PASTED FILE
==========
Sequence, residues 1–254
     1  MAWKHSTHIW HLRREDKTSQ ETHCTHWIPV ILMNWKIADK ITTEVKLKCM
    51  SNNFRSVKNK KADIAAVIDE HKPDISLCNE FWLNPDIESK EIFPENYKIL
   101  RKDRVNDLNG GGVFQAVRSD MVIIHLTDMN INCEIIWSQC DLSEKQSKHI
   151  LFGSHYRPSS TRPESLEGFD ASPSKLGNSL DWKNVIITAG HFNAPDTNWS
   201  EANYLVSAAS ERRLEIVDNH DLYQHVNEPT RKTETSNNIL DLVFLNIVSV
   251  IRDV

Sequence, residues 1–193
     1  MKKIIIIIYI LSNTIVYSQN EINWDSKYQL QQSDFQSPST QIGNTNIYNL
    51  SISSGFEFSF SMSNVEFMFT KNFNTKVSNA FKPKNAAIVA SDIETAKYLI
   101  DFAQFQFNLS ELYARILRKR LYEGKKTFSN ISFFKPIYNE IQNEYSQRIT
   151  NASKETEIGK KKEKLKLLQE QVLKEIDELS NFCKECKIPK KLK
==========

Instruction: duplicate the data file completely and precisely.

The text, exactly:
Sequence, residues 1–254
     1  MAWKHSTHIW HLRREDKTSQ ETHCTHWIPV ILMNWKIADK ITTEVKLKCM
    51  SNNFRSVKNK KADIAAVIDE HKPDISLCNE FWLNPDIESK EIFPENYKIL
   101  RKDRVNDLNG GGVFQAVRSD MVIIHLTDMN INCEIIWSQC DLSEKQSKHI
   151  LFGSHYRPSS TRPESLEGFD ASPSKLGNSL DWKNVIITAG HFNAPDTNWS
   201  EANYLVSAAS ERRLEIVDNH DLYQHVNEPT RKTETSNNIL DLVFLNIVSV
   251  IRDV

Sequence, residues 1–193
     1  MKKIIIIIYI LSNTIVYSQN EINWDSKYQL QQSDFQSPST QIGNTNIYNL
    51  SISSGFEFSF SMSNVEFMFT KNFNTKVSNA FKPKNAAIVA SDIETAKYLI
   101  DFAQFQFNLS ELYARILRKR LYEGKKTFSN ISFFKPIYNE IQNEYSQRIT
   151  NASKETEIGK KKEKLKLLQE QVLKEIDELS NFCKECKIPK KLK